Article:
I always enjoy looking at wildflowers as I hike, but one of my summer favorites is Paintbrush. Here in Alberta the most common variety is the Castilleja miniata (common red paintbrush), but we also see variants running through a range of colours, from pale yellow to orange, into a variety of pinks. They can be seen in bloom starting in June, until well into August. According to the folks at Wild About Flowers, paintbrush are a partial parasite, so they like to grow near well-established plants.
Other than the obvious reason for an artist to like a flower by that name, I like the way they look like a well-used, splayed paintbrush, enthusiastic little explosions of colour.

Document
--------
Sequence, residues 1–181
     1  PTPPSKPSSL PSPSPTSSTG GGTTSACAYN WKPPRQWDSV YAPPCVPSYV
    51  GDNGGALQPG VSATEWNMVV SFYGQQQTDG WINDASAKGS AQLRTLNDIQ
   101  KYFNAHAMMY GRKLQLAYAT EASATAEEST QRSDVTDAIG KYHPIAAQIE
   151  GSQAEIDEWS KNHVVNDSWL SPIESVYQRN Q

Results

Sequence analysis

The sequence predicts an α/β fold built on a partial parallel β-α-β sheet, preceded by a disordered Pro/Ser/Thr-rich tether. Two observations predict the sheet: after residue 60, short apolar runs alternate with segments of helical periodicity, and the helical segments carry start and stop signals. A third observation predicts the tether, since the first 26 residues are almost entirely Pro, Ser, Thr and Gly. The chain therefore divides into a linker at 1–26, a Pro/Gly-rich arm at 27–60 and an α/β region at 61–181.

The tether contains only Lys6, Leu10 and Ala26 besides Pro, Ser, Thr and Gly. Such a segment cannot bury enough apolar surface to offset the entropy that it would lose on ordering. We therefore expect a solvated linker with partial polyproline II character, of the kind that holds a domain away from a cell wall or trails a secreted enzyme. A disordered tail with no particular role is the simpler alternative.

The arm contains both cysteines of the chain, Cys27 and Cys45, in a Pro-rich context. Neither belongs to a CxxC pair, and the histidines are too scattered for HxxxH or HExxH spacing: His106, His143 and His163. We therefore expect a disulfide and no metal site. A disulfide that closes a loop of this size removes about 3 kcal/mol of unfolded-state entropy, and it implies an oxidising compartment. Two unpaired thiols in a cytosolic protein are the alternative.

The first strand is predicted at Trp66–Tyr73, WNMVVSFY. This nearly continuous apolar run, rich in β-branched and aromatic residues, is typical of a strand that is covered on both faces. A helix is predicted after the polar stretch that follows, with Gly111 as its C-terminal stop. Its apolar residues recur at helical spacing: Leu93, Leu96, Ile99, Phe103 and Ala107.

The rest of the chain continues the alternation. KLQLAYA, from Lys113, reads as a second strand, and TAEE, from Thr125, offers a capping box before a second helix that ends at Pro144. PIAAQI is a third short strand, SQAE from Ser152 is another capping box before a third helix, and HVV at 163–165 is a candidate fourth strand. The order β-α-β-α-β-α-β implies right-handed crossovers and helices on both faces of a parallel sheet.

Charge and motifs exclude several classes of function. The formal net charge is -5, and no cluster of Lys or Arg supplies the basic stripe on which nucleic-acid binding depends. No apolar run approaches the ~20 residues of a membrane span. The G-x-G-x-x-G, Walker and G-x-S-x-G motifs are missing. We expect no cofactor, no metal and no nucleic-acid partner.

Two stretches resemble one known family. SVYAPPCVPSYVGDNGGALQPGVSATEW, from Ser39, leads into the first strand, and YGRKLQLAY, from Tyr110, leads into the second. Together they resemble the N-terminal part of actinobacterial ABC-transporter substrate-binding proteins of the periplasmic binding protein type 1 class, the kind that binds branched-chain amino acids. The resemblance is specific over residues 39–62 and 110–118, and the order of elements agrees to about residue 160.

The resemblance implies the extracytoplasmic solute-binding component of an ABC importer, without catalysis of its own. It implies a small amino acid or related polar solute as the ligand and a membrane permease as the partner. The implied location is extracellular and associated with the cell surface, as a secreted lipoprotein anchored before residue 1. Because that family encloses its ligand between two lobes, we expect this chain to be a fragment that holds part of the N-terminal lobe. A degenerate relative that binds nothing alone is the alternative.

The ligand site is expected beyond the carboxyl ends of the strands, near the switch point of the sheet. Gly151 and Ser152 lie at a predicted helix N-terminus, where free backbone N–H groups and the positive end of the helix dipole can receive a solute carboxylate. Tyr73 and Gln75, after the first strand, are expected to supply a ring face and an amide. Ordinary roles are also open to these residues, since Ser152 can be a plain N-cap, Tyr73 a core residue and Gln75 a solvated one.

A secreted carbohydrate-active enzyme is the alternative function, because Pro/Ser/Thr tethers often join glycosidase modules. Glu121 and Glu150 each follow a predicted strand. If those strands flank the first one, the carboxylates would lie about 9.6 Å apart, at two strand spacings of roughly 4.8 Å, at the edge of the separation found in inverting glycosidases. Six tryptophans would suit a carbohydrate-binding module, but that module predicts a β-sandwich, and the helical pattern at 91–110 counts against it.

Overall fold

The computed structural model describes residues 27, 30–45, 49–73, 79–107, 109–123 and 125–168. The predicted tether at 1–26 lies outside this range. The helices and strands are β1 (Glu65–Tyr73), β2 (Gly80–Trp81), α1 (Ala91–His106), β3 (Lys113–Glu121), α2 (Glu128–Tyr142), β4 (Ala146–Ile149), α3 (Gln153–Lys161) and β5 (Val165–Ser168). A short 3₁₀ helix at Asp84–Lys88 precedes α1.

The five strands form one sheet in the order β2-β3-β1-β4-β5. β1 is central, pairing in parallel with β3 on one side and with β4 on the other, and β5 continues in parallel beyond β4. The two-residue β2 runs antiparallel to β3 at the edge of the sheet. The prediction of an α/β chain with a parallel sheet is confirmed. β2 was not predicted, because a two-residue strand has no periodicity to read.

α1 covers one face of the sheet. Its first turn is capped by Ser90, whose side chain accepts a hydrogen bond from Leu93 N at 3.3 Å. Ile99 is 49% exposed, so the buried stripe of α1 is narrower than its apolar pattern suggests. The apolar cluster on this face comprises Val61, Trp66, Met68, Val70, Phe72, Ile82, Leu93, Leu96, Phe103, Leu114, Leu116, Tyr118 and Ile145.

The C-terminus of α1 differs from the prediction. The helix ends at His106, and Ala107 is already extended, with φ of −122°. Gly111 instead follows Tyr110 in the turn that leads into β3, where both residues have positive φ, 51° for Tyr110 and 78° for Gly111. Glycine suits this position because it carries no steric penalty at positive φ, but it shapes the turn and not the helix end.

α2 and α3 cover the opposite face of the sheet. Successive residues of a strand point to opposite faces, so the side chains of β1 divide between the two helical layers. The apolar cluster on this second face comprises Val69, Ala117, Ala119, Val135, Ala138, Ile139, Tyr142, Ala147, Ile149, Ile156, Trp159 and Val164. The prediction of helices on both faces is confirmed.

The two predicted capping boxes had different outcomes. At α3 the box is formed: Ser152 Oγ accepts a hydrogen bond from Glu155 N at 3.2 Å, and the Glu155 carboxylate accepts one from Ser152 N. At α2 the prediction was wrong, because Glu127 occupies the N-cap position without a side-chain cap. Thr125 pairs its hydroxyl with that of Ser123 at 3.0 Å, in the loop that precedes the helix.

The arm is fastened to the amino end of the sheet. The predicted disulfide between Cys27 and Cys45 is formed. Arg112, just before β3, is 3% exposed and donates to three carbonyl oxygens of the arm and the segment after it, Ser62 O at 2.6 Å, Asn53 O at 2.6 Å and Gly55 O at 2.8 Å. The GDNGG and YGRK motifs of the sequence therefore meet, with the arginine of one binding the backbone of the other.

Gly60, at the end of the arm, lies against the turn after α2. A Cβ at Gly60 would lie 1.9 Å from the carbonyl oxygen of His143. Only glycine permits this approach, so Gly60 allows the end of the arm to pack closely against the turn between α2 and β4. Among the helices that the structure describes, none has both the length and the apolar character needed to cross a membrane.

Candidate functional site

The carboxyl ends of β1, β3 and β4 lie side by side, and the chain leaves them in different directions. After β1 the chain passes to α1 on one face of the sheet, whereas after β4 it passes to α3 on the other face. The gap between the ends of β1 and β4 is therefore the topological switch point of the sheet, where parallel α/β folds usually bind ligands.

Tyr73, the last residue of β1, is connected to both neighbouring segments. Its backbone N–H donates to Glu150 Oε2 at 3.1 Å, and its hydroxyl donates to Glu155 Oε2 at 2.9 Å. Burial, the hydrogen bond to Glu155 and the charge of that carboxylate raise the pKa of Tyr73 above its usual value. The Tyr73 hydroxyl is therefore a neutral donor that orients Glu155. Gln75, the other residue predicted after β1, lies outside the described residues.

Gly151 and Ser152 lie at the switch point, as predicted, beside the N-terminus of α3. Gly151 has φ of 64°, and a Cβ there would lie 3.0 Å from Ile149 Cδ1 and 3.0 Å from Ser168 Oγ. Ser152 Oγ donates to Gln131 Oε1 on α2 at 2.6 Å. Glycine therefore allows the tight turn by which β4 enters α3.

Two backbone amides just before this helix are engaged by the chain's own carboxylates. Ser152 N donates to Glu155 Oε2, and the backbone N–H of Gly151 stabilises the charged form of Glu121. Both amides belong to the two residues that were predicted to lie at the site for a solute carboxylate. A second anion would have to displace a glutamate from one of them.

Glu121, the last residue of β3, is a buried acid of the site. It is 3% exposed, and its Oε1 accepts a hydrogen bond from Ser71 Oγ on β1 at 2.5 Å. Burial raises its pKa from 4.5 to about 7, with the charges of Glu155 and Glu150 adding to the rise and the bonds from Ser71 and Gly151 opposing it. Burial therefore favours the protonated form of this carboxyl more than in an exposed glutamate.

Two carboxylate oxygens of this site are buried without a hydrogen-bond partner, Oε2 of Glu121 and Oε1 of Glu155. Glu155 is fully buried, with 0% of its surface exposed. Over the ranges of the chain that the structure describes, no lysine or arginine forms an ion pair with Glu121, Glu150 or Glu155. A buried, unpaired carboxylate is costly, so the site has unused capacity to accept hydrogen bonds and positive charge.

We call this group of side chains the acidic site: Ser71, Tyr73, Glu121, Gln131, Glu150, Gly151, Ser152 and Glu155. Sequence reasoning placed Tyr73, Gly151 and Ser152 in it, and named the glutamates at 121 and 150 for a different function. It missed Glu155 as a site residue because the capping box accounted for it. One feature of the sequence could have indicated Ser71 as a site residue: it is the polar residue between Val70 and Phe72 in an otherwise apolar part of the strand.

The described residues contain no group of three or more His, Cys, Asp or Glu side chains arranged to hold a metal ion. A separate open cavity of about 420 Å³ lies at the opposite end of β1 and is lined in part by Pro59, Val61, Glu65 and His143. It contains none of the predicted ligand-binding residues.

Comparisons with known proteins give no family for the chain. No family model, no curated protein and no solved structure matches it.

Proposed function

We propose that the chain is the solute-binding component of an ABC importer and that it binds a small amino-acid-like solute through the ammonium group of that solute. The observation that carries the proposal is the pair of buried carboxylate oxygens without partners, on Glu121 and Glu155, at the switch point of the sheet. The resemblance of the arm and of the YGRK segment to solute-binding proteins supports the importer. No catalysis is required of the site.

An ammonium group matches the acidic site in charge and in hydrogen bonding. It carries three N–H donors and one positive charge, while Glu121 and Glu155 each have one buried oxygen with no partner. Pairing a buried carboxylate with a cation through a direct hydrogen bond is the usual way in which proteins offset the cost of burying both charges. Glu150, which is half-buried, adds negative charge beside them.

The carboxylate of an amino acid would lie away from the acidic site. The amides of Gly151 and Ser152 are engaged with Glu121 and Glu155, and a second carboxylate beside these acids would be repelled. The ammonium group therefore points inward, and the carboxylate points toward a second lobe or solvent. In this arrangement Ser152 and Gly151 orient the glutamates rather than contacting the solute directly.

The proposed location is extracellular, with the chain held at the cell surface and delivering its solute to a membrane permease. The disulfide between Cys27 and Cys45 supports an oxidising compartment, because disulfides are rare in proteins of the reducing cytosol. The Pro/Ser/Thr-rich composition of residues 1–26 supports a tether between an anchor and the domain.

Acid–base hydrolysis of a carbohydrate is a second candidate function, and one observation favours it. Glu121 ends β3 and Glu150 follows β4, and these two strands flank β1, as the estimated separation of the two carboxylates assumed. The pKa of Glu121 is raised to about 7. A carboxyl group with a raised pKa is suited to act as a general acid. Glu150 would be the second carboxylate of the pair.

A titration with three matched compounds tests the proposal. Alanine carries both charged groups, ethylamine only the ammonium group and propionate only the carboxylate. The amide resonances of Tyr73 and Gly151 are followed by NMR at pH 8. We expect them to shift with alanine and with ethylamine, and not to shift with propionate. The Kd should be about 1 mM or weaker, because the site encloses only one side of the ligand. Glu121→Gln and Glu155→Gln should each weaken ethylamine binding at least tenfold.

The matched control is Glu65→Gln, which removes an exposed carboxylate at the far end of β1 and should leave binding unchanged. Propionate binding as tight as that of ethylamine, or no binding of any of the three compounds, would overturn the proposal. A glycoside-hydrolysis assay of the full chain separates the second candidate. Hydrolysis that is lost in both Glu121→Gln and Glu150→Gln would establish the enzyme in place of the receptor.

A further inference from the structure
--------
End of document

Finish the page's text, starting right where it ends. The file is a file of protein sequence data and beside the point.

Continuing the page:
I’ve seen them everywhere from roadsides to trails at high elevation, typically in open, sunny areas. But the one hike where I’ve seen the greatest variety of paintbrush colours is along the trail going to Helen Lake, in Banff National Park along the Icefields Parkway. There I saw red, orange, and even some pink and white ones.
The spiky blooms are also a great challenge to draw and paint. I’ve tried a variety of mediums here, from coloured pencil to Inktense to pastel on suedeboard and velour, which got some really interesting results. Enjoy!
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